Lack of training goes for tenured professors, too, who are often employed because they are experts in their field, not experts in teaching. When I talk to tenured professors, some describe teaching as more intimidating than their research since they’ve received no instruction on how to manage or structure an educative experience.
I also see a proliferation of corporate facilitators who are responsible for organizing and running training within a company. These people are tasked with introducing complex topics, like design thinking, into the fast moving and chaotic machine of business. Again, they may have little or no experience teaching.
Even designers are feeling the pressure to teach. It’s not enough to do great design work and unveil it to an audience. Instead, our role is to teach both users and clients the benefits and value of various forms of design methodology.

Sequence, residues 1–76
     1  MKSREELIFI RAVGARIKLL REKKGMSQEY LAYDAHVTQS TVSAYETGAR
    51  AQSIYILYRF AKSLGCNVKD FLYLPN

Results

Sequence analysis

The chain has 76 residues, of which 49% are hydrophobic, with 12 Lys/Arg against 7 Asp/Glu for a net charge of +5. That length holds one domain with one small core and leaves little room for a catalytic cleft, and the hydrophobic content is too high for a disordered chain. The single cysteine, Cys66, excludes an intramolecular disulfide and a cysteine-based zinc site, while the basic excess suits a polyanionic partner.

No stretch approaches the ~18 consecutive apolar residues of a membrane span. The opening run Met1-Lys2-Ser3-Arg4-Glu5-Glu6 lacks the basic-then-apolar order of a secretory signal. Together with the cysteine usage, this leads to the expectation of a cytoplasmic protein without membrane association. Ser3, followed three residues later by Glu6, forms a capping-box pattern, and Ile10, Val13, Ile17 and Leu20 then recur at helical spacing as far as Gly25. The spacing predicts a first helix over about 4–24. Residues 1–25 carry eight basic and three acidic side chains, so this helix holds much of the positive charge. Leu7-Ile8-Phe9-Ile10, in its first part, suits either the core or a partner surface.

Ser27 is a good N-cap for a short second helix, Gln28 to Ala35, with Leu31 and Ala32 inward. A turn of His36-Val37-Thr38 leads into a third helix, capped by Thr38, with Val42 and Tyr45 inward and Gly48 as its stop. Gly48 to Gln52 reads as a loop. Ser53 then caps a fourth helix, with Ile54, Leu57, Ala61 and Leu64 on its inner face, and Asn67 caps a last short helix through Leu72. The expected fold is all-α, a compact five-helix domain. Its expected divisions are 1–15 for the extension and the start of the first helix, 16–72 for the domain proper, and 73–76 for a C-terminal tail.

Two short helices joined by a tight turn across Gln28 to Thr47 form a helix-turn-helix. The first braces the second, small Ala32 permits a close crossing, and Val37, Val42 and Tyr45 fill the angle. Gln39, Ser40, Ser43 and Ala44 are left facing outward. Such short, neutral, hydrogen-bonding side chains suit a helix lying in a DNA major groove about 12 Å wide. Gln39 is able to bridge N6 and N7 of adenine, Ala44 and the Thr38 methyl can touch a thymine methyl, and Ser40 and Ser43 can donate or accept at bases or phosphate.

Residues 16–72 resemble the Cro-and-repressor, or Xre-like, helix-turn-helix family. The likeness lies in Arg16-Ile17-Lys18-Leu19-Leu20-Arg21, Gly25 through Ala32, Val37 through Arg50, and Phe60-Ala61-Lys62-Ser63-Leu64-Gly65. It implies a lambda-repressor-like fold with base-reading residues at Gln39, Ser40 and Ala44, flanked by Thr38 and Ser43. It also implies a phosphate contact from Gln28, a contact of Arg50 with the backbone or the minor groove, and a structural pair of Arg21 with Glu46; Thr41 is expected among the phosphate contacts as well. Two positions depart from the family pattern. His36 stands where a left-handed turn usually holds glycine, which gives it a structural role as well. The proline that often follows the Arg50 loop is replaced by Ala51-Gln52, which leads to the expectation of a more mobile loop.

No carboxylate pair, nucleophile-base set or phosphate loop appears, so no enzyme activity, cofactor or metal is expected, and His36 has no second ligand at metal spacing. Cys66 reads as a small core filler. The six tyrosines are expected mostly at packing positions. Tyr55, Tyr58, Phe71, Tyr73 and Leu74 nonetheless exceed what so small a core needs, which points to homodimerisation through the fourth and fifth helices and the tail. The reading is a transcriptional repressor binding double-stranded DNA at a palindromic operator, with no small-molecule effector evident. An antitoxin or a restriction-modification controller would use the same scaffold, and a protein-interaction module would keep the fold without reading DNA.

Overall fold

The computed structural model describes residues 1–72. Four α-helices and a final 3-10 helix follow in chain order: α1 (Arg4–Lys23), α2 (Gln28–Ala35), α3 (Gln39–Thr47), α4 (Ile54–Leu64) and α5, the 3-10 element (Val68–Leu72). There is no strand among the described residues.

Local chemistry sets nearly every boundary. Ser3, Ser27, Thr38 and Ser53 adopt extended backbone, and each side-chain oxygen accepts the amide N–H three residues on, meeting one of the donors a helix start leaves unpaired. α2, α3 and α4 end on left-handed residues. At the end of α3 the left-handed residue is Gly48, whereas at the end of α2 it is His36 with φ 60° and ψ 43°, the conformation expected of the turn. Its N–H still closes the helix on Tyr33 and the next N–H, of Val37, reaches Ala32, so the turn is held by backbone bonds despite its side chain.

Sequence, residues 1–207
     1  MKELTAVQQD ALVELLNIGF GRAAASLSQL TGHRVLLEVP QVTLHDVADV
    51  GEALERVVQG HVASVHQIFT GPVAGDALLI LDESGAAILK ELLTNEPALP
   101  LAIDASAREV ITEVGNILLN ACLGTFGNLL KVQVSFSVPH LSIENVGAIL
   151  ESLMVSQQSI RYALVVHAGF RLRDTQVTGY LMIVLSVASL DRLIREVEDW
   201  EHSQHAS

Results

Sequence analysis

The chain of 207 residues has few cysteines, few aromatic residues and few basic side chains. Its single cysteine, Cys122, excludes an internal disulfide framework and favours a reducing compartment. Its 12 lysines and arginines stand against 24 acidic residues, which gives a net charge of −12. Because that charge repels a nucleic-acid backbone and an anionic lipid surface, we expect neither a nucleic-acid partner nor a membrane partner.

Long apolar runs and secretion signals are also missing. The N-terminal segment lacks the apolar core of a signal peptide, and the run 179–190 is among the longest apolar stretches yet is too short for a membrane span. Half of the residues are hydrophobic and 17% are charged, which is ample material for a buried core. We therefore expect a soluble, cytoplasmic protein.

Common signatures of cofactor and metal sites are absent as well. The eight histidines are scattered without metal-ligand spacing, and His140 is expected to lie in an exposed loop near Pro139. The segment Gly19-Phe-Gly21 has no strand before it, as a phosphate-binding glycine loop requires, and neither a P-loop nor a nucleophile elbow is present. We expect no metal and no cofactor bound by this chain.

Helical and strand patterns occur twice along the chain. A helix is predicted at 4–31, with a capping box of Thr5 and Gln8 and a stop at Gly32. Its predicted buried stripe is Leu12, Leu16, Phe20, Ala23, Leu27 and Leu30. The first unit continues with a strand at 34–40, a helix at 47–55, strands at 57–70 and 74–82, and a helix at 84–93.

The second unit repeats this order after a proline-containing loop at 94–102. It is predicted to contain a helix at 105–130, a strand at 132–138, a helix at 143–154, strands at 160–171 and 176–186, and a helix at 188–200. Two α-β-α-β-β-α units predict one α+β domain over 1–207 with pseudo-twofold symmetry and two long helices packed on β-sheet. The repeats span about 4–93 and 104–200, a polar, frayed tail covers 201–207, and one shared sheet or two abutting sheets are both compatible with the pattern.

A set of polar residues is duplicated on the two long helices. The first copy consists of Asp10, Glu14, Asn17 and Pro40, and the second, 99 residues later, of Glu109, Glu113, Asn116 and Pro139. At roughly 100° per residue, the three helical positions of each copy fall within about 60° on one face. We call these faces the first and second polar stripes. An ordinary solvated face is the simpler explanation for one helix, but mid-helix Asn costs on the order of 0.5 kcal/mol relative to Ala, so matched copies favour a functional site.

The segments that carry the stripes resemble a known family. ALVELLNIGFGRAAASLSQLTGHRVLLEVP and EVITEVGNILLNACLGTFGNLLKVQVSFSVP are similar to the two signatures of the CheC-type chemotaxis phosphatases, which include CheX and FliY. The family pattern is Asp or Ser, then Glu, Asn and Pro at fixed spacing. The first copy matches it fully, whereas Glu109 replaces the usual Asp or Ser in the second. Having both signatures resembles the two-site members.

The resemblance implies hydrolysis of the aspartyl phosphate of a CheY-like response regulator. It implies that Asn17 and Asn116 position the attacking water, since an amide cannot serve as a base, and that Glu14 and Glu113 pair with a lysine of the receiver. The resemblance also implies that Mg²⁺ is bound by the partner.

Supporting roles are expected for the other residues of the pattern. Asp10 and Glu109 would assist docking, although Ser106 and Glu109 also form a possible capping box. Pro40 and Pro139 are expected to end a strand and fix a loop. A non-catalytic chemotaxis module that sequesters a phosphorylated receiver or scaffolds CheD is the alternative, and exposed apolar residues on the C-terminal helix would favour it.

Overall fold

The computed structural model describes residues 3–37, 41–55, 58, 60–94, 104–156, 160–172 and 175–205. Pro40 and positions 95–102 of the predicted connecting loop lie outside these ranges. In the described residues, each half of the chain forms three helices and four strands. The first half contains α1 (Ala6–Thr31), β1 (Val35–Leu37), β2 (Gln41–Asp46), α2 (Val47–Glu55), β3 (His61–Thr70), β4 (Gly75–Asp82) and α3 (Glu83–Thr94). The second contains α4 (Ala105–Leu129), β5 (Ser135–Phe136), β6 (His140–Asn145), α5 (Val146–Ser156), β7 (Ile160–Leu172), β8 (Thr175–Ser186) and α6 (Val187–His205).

An influx of teachers and no real plan to teach them how to teach—that’s a recipe for disaster. I want to help change that. With over 15 years as a design educator, a lot of the things I’ve learned can help make the path a little easier for adjuncts, tenured professors, corporate educators, and design facilitators—and I believe this knowledge can help improve the quality of education in a broad sense.
How I Teach: Reflecting On 15 Years in Design Education is what I’ve learned so far. While it focuses on design education, it’s applicable to anyone responsible for building curriculum and designing classes, and even for students who are interested in how their own courses are structured and run. I hope the material is actionable: it’s material I wish I had when I started.